With many of our graduates working on Registers of Scotland’s digital transformation project, Communications Officer Andrew Gilchrist, tells us more about the organisational change.
Registers of Scotland (RoS) is responsible for compiling and maintaining 18 public registers relating to land, property and other legal documents in Scotland. Traditionally, we’re a heavily paper-based organisation, and have been for centuries.
One of our most significant registers, the General Register of Sasines, contains pages upon pages of carefully handwritten descriptions of land, and dates all the way back to 1617.
Times have changed dramatically since then however, and we need to change too. New technology means new opportunities and new ways of working for our customers.
That’s the basis of our digital transformation – becoming an effective digital land registration body that is innovative, flexible and able to meet the needs of our customers.
We appreciate that changes like this take time, especially when customer requirements need to be taken into consideration.
But at the same time, all ambitions need a timeframe to be truly effective, so we have set ourselves the goal of being digital first by 2020.
How we’re going digital
We started our digital journey as we meant to continue: by keeping our customers and their needs at the forefront. With this in mind, in late 2016 we published a digital consultation. This document invited public responses to our proposed digital future, including wider objectives and plans for new digital services.
Stakeholders across Scotland were able to give us their feedback through a simple question and answer format, which gave us valuable insight at such an early stage.
Getting the right expertise was another important step. At an executive level, the appointment in 2014 of Tom Meade and then Greg Urquhart (Tom’s successor in December 2017) as Digital Director brought not just valuable experience, but a committed, focused and continuous vision for a digital RoS that has been instilled across the organisation.
This included the replacement of legacy systems and the adoption of agile project management to improve performance.
An executive vision can’t drive a digital transformation on its own, and so we’ve ensured that the right digital talent can be found in our IT development teams too. We’ve worked with external parties to ensure we have the very best people in the right roles, and here CodeClan have been an invaluable partner.
We’ve hired several CodeClan graduates, who have hit the ground running in our development teams, while CodeClan have also held several sessions at both our Edinburgh and Glasgow offices as part of our very first Innovation Month, which have been hugely popular in making digital part of our DNA at RoS.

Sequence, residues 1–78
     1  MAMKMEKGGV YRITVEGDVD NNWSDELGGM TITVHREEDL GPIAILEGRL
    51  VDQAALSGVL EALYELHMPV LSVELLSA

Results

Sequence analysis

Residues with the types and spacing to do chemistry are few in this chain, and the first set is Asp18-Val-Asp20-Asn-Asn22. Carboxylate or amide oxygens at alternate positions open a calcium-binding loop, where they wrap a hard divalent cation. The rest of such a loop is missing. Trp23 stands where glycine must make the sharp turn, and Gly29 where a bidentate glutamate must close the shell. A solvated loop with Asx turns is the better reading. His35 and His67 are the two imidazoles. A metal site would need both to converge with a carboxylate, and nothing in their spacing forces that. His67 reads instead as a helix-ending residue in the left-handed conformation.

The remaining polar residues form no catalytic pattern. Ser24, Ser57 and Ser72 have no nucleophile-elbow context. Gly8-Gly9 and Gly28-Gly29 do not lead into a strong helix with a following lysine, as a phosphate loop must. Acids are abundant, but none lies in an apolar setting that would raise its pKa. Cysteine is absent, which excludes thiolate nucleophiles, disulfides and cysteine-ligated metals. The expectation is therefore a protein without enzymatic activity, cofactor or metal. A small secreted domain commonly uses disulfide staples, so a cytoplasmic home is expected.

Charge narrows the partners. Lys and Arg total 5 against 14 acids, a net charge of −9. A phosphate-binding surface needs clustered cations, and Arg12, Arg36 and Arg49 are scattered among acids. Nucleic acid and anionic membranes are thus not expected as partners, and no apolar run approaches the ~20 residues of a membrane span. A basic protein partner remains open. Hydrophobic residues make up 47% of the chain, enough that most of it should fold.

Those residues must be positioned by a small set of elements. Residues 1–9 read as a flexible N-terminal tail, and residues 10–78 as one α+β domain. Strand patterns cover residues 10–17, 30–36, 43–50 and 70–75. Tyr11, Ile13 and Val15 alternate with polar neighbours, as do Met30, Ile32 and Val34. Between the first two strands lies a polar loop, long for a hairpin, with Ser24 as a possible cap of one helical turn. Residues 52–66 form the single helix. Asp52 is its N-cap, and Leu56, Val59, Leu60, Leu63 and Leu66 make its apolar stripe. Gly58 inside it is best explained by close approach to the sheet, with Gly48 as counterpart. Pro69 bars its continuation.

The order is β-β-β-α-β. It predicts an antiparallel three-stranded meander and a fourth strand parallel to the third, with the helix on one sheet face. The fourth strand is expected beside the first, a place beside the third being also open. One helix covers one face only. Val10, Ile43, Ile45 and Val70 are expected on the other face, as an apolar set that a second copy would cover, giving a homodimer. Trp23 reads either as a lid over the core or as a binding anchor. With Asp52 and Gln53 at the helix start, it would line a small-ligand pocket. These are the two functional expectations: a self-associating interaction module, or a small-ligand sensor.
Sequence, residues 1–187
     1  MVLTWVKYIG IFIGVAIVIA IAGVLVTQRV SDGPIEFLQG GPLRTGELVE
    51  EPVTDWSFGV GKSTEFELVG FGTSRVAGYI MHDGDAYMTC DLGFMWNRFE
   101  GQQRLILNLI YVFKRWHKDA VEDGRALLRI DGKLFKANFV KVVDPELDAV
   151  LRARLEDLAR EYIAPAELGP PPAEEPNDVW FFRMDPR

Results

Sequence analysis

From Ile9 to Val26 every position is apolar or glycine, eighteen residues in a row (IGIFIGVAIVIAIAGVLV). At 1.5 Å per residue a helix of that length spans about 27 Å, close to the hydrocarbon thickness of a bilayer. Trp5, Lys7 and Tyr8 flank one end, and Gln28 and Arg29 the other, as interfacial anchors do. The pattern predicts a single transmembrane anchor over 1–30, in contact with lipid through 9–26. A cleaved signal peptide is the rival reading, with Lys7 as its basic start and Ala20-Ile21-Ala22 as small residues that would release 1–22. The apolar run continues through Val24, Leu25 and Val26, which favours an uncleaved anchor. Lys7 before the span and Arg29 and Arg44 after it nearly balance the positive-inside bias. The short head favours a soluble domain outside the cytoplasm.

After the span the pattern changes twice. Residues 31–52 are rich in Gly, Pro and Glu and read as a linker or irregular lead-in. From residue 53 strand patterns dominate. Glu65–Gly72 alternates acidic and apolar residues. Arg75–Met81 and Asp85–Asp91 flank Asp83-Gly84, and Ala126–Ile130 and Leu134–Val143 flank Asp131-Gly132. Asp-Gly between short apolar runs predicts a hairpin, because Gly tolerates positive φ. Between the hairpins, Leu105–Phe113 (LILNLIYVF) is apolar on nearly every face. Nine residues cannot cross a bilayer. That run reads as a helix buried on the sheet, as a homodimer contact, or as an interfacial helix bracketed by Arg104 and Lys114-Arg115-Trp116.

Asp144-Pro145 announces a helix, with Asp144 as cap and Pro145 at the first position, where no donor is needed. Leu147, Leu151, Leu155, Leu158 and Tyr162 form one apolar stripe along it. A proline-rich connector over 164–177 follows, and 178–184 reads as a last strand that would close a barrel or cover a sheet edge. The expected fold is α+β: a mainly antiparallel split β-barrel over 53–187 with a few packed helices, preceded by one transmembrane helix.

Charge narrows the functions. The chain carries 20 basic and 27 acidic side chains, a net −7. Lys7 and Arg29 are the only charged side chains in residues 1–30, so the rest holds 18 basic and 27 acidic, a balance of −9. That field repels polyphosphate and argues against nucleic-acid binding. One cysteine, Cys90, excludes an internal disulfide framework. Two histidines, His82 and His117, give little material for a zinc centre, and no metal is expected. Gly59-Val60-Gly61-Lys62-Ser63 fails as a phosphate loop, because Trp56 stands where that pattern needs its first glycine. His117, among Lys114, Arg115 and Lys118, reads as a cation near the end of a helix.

We’ve also laid the groundwork internally as well, with our Innovation Centre. The IC is all about big ideas, and turning them into tangible and transformational business change initiatives to improve our services and processes. IT development is at the heart of the IC, and allows us to create digital products that challenge existing ways of working.
These developments have delivered substantial results. Within a year of beginning our digital transformation, RoS went from three releases a year to 52, from £25,000 per release to £500 per release, and from 90 bugs in one release to 12 bugs in 52, plus a 70% reduction in our server estate.
Tom’s contribution was also recently recognised as he was named Chief Information Officer of the Year at the UK IT Awards in London.
New digital services
Our three-year digital transformation is still a work in progress, but we’ve already developed new services that have increased efficiency and been well received by our customers. Registration services are one of our key activities, and underpin all property sales in Scotland.
In mid-2017 we introduced the Digital Discharge Service (DDS), which relates to the discharge of mortgage securities. The existing paper-based process involved several rounds of postal correspondence, which could lead to delays, frustration and a potentially inefficient service.
DDS centralises the activities of solicitors, lenders and RoS in a single online portal, and allows all steps of the process to be completed digitally and in a fraction of the time of the paper-based version. DDS has been developed in close collaboration with stakeholders, and has been well-received by them since its inception.
One of the most important developments in our digital transformation has been ScotLIS, Scotland’s Land Information Service. It’s an innovative and easy to use map-based service that for the first time allows citizens, communities, professionals and businesses to access comprehensive information about any piece of land or property in Scotland.
ScotLIS currently displays RoS data in a user friendly way, and will soon incorporate data sets from other public sector and government organisations. It’s a big digital step forward for RoS, developed according to agile principles and constantly improved according to user feedback.